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Re: Case Study: 240K in student loans
« Reply #16 on: January 29, 2014, 08:14:28 PM »
Re: weddings/ visits
I was reacting to the phrasing " have to".  I just wanted to encourage OP to challenge that if it is an assumption. 
Do it because you want to or decided to, vs. have to or should...

My stubbly 2 cents...

TomTX

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Re: Case Study: 240K in student loans
« Reply #17 on: January 29, 2014, 08:41:27 PM »
At that income - the condo makes sense if that's what it takes to live by where you work. Commutes suck.

Really, you guys are doing a really good job. Sure, there are areas to tweak - but you're keeping your lifestyle reasonable compared to your income. Kudos.

Onto some tweaking/optimizing.

Personally, I hate PMI. Run the numbers - convert PMI into an "effective" interest rate, based on the $$ you would need to pay down to get rid of PMI, and the tax savings it would cost you.

Then start focusing on individual debts - typically highest interest rate first. Probably something like:

Student Loan 1
PMI
Student Loan 2
Etc.

I wouldn't bother with non-401(k) investments at this point. Keep a healthy emergency fund, and put the rest toward killing debts.

Frankly, if you guys keep up the focus, you should have all your debts cleared in a few years.

Jappe

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Re: Case Study: 240K in student loans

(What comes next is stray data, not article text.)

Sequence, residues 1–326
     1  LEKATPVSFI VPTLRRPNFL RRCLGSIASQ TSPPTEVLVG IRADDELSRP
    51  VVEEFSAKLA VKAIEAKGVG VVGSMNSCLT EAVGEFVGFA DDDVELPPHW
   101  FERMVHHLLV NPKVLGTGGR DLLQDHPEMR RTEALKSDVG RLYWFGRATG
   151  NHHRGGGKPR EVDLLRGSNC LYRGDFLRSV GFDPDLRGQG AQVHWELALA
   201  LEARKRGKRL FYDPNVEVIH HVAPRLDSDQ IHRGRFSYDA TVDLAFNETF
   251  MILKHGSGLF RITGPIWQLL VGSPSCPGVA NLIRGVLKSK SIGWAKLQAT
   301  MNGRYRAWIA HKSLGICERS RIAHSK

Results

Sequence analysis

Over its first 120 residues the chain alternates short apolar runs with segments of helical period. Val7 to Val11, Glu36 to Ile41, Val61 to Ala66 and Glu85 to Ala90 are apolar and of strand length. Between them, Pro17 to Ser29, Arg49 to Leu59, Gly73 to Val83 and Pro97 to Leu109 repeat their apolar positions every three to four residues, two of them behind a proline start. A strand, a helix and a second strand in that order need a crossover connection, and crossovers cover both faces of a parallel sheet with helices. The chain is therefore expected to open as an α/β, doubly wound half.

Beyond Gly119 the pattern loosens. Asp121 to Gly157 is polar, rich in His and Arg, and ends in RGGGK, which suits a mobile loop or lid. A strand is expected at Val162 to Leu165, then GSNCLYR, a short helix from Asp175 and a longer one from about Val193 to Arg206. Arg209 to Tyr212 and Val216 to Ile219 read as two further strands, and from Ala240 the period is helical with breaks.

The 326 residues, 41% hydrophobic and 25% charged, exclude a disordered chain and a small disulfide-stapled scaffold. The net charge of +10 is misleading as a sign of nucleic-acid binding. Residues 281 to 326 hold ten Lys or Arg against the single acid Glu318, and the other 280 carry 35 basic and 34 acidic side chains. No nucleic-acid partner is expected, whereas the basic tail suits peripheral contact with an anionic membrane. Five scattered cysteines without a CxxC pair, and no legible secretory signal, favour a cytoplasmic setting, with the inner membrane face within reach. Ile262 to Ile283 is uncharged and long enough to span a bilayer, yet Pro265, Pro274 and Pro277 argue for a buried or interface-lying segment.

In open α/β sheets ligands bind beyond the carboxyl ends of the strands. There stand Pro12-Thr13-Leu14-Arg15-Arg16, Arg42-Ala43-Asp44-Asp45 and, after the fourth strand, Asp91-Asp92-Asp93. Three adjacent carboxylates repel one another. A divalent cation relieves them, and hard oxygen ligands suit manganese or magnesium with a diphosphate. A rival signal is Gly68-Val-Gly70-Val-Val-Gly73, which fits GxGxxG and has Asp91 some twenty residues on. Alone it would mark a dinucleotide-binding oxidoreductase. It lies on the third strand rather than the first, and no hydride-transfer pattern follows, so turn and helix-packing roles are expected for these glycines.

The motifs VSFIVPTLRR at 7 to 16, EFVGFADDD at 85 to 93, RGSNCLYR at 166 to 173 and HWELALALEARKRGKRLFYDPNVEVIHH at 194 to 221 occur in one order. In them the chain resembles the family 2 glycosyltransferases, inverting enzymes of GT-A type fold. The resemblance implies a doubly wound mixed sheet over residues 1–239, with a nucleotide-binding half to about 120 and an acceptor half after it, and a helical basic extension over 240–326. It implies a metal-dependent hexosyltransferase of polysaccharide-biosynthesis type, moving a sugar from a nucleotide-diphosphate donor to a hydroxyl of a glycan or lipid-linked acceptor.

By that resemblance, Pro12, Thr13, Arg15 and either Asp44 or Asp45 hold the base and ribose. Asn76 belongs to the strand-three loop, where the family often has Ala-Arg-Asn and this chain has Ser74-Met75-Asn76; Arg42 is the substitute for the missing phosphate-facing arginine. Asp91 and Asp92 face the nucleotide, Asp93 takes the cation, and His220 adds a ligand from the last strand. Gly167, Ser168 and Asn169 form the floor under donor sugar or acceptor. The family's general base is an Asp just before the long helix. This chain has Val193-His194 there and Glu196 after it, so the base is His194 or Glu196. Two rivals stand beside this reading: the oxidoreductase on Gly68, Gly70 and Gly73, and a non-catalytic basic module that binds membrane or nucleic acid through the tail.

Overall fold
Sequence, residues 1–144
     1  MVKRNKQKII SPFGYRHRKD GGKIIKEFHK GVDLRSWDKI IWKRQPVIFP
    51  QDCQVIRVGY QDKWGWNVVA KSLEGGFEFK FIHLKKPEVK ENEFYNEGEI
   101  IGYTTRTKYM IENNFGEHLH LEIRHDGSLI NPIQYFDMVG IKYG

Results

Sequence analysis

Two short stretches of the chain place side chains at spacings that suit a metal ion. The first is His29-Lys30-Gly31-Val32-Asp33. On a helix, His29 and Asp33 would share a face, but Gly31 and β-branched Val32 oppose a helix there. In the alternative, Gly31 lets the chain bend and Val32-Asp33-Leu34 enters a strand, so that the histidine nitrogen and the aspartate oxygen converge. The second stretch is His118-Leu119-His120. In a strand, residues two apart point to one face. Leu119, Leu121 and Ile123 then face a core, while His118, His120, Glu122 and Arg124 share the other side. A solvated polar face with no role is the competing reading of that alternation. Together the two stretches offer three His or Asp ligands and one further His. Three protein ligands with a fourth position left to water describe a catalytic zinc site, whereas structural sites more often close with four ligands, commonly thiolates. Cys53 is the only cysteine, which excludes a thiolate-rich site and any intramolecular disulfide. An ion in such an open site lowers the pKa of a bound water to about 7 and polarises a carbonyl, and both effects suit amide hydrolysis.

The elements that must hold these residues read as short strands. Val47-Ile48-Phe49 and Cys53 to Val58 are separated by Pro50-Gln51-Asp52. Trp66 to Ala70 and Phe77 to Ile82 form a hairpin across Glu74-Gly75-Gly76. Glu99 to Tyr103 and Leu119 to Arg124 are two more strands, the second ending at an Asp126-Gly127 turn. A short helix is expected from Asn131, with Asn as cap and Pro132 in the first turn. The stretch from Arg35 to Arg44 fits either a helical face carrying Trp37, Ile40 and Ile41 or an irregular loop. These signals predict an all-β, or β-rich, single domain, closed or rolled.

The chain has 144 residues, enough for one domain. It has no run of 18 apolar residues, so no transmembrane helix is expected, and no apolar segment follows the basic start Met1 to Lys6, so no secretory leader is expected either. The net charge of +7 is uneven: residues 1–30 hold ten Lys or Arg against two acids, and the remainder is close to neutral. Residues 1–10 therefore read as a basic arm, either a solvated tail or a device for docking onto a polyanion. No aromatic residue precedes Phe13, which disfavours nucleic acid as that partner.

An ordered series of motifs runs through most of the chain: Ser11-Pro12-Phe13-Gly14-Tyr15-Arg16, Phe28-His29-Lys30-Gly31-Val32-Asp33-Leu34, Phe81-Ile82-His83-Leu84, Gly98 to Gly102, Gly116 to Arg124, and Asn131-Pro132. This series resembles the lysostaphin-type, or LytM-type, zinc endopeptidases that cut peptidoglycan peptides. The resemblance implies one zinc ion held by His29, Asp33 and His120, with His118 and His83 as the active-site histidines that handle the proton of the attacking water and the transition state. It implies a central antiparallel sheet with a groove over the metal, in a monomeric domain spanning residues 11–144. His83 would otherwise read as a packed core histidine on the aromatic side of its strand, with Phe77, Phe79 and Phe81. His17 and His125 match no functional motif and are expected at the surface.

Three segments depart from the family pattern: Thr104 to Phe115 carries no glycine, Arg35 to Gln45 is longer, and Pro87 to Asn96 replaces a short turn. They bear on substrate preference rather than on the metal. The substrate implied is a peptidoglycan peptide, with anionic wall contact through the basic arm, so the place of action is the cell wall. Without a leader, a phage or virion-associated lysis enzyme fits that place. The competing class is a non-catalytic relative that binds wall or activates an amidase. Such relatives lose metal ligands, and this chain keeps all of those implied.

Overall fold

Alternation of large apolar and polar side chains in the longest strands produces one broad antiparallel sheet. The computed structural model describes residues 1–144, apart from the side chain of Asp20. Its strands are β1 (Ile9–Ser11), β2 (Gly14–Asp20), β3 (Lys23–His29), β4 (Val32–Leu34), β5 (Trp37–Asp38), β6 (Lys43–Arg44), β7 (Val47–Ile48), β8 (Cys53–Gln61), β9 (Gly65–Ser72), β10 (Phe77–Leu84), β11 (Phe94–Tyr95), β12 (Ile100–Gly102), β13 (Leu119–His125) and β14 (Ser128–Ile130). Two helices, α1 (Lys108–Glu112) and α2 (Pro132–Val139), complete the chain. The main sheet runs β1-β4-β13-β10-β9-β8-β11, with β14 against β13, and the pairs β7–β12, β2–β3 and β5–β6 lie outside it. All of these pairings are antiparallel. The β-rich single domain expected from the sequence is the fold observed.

« Reply #18 on: January 30, 2014, 02:34:36 AM »
You're doing great OP!

For family and weddings: Some people here suggest if you really should be going, but I say: yeah you should go. For weddings it's a good idea to think: "Would my husband or I like to have them at our wedding" If that's a yes for at least one of you, then you should visit theirs as well.
Also with family, once you're out of debt and piling in the money you don't want to look back and realize you became strangers to them to win like a month of debt-paying. Cause with that combined income two plane-tickets isn't that huge of a cost if you look for deals and keep it to once a year.

The two of you make great money and even though there is a big pile of debt, it should be gone in probably 3 years (house excluded) if you keep it up like you do now. And then the money will start going up like crazy in savings and investments.

JuSp02

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Re: Case Study: 240K in student loans
« Reply #19 on: February 05, 2014, 08:05:26 PM »
Long over due response:

Thanks everyone for all of the suggestions! It's great to get an objective opinion. Even though we have been doing pretty good, it just never seems like it's good enough when the number is so large.